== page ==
When fire wins: in firefighters' deaths, patterns emerge.

Author:Murphy, Jarrett

During his 20 years in the New York City Fire Department, Vincent Fowler had thought more than most firefighters about death. A veteran of four different fire companies during his time on the job, Fowler developed a step-by-step protocol for firehouses to follow when one of their members is killed at a fire. "One of the first things he told the men surviving was to call their wives," Ramona Fowler recalls. However, Fowler did not speak of the possibility that he might die. Nor did his wife dwell on the dangers of his job. "After you get through a certain amount of time, you figure that it's not going to be him," she says of the father of three.

Though he'd reached the point where he could have left the job and started drawing a pension, Fowler had decided not to even consider retirement until his three daughters finished college. He needed the salary, and he liked the work. Fowler had attained the rank of captain and was studying for the battalion chief's test when, on June 3, 1999, he responded to a house fire at 150-28 127th Street in South Ozone Park, Queens. He went into a cellar, ran out of air and collapsed. Soon after, Ramona Fowler received a phone call, but not from her husband. The next day, Capt. Fowler's death notification procedures were executed for his own demise.

Fowler was one of 43 New York City firefighters to die in the line of duty in the decade before and the decade after the Sept. 11 disaster. Ten died of heart attacks or other acute medical problems. Ten perished in collapses and four from falls and 18 died of burns or smoke inhalation. One was killed in combat as an Army reservist in Iraq, but his passing was considered a line-of-duty death.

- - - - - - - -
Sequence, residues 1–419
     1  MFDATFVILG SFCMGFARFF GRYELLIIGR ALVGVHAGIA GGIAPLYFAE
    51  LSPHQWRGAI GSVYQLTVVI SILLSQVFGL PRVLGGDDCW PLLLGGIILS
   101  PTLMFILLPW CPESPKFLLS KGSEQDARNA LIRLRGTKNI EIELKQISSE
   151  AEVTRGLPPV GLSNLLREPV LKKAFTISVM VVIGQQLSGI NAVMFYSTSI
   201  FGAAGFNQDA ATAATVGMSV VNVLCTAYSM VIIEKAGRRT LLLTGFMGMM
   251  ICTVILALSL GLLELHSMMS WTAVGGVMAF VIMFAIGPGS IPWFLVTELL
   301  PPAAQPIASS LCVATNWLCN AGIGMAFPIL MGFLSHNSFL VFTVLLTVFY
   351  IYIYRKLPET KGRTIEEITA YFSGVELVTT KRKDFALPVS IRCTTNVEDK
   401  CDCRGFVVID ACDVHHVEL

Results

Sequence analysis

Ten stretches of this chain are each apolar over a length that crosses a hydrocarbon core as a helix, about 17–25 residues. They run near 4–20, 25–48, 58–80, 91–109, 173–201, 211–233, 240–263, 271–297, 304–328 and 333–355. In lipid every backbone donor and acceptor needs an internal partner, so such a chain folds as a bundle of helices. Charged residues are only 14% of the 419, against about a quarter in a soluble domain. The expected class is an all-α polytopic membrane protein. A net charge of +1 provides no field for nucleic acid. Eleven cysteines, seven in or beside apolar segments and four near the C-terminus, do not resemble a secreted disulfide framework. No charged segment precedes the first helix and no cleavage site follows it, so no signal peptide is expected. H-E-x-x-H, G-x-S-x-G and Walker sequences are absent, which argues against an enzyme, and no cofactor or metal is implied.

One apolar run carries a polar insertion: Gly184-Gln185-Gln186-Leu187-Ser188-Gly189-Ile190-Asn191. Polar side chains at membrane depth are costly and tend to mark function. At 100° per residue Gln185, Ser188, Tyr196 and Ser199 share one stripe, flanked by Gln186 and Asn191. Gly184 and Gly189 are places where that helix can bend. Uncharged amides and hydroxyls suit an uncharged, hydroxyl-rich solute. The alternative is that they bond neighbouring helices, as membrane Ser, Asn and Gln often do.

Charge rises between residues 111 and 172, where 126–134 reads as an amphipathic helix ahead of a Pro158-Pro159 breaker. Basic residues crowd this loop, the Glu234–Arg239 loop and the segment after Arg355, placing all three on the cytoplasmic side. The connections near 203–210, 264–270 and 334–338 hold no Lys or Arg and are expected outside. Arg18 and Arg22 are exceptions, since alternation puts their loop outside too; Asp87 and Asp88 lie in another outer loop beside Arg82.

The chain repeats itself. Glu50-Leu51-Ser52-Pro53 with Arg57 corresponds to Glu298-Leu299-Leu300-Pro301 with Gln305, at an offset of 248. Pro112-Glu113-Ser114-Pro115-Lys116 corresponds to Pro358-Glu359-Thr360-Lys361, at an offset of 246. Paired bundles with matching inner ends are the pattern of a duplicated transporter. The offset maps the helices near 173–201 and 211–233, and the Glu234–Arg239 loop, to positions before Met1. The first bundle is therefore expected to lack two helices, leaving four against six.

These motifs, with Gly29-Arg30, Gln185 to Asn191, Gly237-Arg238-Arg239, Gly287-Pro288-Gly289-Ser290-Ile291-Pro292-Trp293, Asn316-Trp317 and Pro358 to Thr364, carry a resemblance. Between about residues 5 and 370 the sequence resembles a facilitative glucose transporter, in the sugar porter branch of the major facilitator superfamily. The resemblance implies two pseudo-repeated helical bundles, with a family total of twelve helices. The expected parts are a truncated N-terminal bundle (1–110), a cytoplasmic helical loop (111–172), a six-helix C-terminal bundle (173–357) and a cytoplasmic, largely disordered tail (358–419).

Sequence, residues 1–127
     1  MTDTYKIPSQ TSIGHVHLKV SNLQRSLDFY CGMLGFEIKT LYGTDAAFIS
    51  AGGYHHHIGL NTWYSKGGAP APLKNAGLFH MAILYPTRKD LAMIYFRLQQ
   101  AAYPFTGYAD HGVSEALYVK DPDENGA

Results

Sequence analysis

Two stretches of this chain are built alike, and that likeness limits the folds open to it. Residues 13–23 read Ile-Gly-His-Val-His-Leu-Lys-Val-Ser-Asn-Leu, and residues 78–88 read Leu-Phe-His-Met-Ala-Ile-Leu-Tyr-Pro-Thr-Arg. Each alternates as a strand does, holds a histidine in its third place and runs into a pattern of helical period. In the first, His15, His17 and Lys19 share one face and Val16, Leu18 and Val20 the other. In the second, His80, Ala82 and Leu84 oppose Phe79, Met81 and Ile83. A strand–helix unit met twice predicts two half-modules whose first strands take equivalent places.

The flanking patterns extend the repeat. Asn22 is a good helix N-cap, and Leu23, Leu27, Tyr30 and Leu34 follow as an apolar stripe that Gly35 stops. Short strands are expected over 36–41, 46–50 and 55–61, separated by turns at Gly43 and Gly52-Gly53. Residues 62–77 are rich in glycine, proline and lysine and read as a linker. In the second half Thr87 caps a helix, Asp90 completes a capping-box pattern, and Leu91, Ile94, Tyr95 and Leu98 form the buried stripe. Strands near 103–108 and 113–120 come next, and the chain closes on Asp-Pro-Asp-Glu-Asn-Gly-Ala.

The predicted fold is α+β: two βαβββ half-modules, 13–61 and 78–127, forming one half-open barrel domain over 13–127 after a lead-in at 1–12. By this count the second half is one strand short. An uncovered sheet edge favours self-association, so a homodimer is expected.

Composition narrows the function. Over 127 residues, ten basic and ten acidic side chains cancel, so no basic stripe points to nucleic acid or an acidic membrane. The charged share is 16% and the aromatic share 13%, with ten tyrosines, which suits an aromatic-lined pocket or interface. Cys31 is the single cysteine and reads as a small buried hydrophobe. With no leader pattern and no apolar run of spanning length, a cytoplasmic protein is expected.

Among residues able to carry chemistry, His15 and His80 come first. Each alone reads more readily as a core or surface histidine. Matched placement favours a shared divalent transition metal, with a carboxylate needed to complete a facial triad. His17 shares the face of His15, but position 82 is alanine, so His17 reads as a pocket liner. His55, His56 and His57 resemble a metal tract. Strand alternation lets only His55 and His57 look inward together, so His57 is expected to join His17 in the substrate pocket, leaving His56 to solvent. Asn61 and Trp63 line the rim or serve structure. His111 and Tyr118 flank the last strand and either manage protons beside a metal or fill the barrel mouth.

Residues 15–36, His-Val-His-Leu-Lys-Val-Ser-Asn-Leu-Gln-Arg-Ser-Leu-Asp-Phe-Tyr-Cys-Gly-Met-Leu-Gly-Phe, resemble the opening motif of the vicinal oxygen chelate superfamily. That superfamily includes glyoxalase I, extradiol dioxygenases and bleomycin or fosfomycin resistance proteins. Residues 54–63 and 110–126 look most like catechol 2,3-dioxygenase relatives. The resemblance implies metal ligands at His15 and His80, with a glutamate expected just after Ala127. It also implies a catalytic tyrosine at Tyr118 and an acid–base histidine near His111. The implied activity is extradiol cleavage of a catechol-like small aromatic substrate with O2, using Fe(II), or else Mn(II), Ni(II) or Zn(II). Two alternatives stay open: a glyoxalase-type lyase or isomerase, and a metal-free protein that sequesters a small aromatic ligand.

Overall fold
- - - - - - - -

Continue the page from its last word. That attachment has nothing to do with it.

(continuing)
Each death involved a unique person and unique circumstances. But according to investigations by the FDNY and the National Institute for Occupational Safety and Health, common contributing factors link many of the deaths. City Limits obtained FDNY investigation reports on 25 of the 1991-2011 deaths and NIOSH findings on 21 of the deaths during that span, including eight fatalities not covered by the documents that FDNY provided in response to our freedom of information requests.)



The FDNY has moved to address some of these factors. Other problems have proved more difficult to solve. And some, of course, might be inseparable from the risky work of fighting fires and saving fire victims.


Jan. 23, 2005, was a brutally cold day--so icy that Jeanette Meyran opted to walk to the grocery store near her Long Island home rather than risk driving there. Her husband, Lt. Curtis Meyran, had gone to work at a firehouse in the Bronx. He had been promoted to lieutenant two years earlier and was covering shifts at different firehouses to fill in for officers who were on leave or vacation until a permanent spot was found for him.

Walking back with her groceries in hand, Jeanette got a call from her son at home. There was an FDNY captain at the house. She dropped her groceries and moved as fast as she could across the frozen ground. All the captain told her on the drive to St. Barnabas Hospital was that her husband was hurt.